“It’s interesting,” commented Flahive. “Throughout his career, he signed his name very inconsistently. On the war paintings, it includes ‘Henri,’ but later paintings and writings were signed ‘Lloyd Kiva,’ or ‘Lloyd H. New,’ or just ‘Lloyd New.’” Perhaps lack of attachment to his name was what initially drove New to add his new moniker, “Kiva.”
When the Land of Enchantment called his name(s), New left Arizona and made his way to Santa Fe. In 1961, as he wrapped up his Rockefeller endeavor with Loloma, he accepted an invitation from the Bureau of Indian Affairs to establish a school with Dr. George Boyce. Eager to implement New’s educational visions, the BIA had surprisingly open ears, and therefore New is often recognized as the “creator” of IAIA, although his initial role was to serve as art director alongside Boyce. Understanding that talent and ambition must first be recognized to be nurtured, New eagerly embarked on the academic path that would map out the remainder of his years.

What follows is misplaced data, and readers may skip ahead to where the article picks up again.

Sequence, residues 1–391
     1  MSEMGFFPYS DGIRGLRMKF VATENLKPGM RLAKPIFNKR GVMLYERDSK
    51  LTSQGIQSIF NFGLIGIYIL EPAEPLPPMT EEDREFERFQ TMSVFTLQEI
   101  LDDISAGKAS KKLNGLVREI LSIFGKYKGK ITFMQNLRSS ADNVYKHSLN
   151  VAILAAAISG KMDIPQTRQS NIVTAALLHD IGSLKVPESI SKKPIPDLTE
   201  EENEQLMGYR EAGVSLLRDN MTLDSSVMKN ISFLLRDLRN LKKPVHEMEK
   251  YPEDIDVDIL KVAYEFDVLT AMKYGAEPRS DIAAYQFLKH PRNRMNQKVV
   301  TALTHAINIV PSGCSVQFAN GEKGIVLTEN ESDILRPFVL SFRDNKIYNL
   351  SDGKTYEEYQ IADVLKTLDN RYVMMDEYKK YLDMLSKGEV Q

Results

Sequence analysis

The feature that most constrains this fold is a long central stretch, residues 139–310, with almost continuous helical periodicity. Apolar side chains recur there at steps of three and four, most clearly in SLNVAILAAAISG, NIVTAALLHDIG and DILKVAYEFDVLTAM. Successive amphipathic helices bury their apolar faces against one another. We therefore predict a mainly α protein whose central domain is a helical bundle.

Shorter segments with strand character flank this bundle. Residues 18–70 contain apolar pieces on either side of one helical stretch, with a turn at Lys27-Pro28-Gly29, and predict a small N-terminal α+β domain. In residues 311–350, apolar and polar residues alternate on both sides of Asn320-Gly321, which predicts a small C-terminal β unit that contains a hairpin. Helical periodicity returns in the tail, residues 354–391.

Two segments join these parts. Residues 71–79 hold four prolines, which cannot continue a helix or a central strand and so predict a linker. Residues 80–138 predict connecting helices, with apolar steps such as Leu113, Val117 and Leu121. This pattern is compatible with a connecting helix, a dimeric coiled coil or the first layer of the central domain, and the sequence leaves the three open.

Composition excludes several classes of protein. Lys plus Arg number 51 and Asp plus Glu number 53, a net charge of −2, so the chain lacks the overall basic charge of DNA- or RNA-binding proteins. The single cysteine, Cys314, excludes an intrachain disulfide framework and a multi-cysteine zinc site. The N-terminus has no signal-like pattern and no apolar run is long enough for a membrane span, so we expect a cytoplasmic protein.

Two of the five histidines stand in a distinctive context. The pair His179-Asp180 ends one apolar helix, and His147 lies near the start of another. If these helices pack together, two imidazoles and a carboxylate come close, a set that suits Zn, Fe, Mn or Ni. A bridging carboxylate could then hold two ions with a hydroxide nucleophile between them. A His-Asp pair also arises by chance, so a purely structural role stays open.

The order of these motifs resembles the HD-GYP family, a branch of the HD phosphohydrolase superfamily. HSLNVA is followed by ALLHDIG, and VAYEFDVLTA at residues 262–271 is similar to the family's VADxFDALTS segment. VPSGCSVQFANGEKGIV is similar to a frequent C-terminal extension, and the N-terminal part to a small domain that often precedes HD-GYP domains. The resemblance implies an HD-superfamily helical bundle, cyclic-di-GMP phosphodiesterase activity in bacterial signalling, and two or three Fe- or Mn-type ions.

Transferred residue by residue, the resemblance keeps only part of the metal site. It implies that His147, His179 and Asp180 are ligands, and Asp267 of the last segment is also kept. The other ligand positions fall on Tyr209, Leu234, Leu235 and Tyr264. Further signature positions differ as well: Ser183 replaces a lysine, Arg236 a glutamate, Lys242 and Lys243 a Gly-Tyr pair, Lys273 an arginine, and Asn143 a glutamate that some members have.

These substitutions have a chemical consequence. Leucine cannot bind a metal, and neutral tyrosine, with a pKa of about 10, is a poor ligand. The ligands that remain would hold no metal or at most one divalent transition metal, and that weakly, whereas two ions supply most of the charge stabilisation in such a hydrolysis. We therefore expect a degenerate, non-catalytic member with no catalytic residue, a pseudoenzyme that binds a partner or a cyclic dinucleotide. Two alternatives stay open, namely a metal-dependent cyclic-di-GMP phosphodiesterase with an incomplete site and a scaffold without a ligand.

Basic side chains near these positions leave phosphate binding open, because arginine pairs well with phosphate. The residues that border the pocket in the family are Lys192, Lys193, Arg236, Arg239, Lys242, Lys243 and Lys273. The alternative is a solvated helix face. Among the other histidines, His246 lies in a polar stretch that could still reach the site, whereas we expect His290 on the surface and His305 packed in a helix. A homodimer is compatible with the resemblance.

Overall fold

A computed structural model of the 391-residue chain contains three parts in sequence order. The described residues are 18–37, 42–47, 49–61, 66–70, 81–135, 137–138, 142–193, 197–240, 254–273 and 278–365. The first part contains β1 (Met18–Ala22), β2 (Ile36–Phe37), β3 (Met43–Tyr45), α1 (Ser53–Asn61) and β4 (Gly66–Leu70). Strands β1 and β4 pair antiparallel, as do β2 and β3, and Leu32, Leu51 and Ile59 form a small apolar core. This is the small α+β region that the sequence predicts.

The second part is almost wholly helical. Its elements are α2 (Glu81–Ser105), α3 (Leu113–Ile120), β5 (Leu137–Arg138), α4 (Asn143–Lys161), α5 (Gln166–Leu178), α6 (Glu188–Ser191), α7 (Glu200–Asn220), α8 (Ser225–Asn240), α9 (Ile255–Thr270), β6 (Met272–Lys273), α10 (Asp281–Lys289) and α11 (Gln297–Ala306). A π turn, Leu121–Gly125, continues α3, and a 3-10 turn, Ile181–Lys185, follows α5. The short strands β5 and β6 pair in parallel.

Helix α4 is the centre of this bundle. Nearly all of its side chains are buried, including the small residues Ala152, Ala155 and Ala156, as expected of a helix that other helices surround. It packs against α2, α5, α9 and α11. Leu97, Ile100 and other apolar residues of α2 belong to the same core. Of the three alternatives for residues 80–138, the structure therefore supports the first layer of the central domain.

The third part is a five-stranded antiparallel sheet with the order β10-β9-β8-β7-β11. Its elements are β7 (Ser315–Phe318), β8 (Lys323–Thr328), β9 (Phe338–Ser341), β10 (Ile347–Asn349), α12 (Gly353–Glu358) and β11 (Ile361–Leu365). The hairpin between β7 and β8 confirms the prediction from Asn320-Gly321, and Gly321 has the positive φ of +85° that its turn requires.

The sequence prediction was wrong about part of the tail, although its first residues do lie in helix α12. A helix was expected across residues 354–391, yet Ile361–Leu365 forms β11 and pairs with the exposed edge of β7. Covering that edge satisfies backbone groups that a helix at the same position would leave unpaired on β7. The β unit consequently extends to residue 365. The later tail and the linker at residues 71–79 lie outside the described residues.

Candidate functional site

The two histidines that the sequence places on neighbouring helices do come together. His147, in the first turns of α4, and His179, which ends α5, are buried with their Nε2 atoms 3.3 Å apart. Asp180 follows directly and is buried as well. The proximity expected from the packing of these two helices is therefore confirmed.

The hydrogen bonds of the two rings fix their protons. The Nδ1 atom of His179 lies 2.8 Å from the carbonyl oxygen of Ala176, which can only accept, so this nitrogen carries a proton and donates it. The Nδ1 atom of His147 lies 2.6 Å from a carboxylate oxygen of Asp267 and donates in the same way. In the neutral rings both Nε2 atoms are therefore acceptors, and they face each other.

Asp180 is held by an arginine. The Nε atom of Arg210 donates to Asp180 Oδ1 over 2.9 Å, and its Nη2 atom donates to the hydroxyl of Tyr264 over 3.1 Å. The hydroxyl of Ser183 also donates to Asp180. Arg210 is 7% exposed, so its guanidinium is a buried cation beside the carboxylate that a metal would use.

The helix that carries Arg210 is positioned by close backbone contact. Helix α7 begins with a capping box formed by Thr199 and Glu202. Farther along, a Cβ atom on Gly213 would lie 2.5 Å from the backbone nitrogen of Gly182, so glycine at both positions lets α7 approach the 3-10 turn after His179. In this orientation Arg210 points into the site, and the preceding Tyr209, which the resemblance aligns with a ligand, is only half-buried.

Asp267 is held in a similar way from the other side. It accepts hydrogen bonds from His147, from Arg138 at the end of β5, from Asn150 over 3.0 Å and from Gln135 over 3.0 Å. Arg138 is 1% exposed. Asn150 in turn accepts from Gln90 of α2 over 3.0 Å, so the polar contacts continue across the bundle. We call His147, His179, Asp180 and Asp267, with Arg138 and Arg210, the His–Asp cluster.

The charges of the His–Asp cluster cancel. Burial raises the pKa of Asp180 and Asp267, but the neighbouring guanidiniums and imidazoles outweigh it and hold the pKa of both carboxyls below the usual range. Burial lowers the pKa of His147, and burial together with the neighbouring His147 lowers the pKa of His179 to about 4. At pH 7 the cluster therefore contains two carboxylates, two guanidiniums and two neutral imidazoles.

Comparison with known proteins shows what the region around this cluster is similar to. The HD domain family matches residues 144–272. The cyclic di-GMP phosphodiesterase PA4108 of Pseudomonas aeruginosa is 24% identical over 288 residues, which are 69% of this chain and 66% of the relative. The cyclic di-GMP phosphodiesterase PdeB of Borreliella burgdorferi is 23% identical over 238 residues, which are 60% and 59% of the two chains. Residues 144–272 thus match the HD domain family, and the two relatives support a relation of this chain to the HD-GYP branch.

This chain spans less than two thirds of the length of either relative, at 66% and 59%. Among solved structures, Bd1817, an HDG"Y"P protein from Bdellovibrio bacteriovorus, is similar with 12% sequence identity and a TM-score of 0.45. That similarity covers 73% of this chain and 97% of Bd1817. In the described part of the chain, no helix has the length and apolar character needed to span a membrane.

New Century, New Appreciation
Originally conceived as a four-year high school program with an emphasis on fine-art training and an additional two-year postgraduate program, IAIA evolved into the highly respected institution it is today, renowned for its innovative, multi-tribal approach to creative learning.
Dr. Dave Warren (Santa Clara), a former IAIA faculty member, wrote in New’s obituary, “The creative genius behind what he did is not only in serving Native American artists, but finding a way to look at the meaning of art and culture and put them into an institution and a philosophy” (New York Times, February 10, 2002).
More than a decade after New’s passing, the adage “Everything old is new again” takes on new meaning: contemporary Native art and fashion are hotter than ever. Stroll down Santa Fe’s Canyon Road and see how many vintage and antique galleries have been replaced with ones dealing in modern Native art.